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Americans More Worried About Mental Health Than Physical

Gallup survey reveals serious concerns over pandemic's emotional toll

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En español | More Americans are worried about the effects of pandemic-related restrictions on their mental health than on their physical health, according to a new Gallup poll.

While 68 percent of respondents said they think their physical health can withstand the social distancing guidelines and business closures required to contain the coronavirus outbreak for “as long as necessary,” only 48 percent felt secure that their “emotional or mental health” wouldn't suffer.

The poll, conducted April 6 through 12 with 7,931 adults, revealed some differences between age groups. Younger people said they find the restrictions more difficult: 26 percent of those 18 to 44 said their emotional or mental health is already suffering. Nine percent of people 45 to 64 years old and 5 percent of those 65 and older said so.

The oldest group also was more likely to say that they could withstand the restrictions for “as long as necessary” without mental health problems than the youngest group — 62 percent compared to 35 percent. The researchers surmised that “Older adults may be more patient because they know their health risks are higher than those for younger adults, should they contract COVID-19. They are also more likely to be retired and on a fixed income, which might make them somewhat less financially vulnerable."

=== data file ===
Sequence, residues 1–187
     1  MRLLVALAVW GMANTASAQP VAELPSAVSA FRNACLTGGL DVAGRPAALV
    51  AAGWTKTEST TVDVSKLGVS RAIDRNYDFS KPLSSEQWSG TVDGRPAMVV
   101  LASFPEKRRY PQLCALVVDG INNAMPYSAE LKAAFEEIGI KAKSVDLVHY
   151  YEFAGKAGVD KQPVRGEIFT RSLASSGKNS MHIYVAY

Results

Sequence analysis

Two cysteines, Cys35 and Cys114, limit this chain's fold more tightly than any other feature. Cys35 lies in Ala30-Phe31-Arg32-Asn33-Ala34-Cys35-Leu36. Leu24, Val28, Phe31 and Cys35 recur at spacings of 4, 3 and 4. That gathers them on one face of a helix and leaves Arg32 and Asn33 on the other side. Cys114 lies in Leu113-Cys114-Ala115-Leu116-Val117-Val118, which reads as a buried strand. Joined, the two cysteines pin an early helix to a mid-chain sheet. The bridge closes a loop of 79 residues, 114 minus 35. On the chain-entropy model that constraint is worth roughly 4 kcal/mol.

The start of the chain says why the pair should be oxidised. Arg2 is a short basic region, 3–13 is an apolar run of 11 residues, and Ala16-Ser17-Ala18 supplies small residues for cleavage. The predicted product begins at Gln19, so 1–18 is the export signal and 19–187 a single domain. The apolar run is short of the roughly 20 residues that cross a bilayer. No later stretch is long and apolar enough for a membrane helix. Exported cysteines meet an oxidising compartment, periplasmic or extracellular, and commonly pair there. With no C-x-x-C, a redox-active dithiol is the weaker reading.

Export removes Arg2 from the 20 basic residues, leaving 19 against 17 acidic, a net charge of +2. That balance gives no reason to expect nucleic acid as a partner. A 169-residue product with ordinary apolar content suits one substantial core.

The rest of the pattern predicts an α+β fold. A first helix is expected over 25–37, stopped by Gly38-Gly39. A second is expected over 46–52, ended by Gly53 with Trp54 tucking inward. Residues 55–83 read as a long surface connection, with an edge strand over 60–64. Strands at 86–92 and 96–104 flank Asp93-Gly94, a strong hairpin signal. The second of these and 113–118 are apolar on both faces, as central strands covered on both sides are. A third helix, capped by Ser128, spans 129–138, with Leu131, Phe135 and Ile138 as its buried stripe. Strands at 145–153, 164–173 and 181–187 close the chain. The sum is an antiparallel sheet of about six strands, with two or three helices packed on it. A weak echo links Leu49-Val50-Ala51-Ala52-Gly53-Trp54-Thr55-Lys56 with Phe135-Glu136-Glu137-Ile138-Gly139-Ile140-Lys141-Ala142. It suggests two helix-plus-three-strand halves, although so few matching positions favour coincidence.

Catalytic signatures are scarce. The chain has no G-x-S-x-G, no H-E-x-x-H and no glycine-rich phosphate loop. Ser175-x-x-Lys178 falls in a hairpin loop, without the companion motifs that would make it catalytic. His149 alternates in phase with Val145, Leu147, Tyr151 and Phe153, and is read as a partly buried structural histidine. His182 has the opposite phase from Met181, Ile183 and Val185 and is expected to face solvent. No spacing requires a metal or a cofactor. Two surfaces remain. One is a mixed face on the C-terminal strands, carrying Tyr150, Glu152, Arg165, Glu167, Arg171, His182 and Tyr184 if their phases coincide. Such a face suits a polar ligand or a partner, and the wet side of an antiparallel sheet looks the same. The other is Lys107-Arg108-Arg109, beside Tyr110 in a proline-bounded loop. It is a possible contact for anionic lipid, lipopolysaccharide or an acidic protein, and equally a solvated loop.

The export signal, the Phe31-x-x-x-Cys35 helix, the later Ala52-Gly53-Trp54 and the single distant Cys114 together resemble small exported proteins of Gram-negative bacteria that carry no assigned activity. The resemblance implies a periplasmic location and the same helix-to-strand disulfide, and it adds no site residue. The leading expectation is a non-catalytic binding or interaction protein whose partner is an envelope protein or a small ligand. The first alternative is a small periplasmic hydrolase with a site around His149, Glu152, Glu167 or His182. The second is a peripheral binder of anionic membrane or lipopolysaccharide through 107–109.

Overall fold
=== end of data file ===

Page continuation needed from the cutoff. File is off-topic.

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While 70 percent of those 65 and older felt that they could follow social distancing practices and business closures for as long as necessary without “experiencing significant financial hardship,” only about half of those 18 to 64 said they could do so.

And women are reporting more difficulties with social distancing than men: 19 percent said they're already suffering from the emotional or mental health effects, compared to 12 percent of men.

The poll supports other surveys and health experts’ concerns about how the coronavirus outbreak and its disruptions to normal routines are affecting and will continue to affect Americans’ mental health. A Kaiser Family Foundation poll at the end of March found that 45 percent of respondents believed that “worry or stress related to coronavirus” was having an impact on their mental health.

"It's really normal to find people feeling anxious” during this pandemic, which “has all the hallmarks of a traumatic event,” said Karestan Koenen, a professor of psychiatric epidemiology at Harvard University's T.H. Chan School of Public Health, during a media call on Thursday. She noted the high number of job losses, the outbreak's unpredictability and limits on social connection — something that would normally be a key source of comfort during such a difficult time.

It's “incredibly stressful,” Koenen said. The challenge, she added, is figuring out “how to prevent a normal reaction from becoming a mental health problem.”

Some key resources for those who may need mental health assistance:

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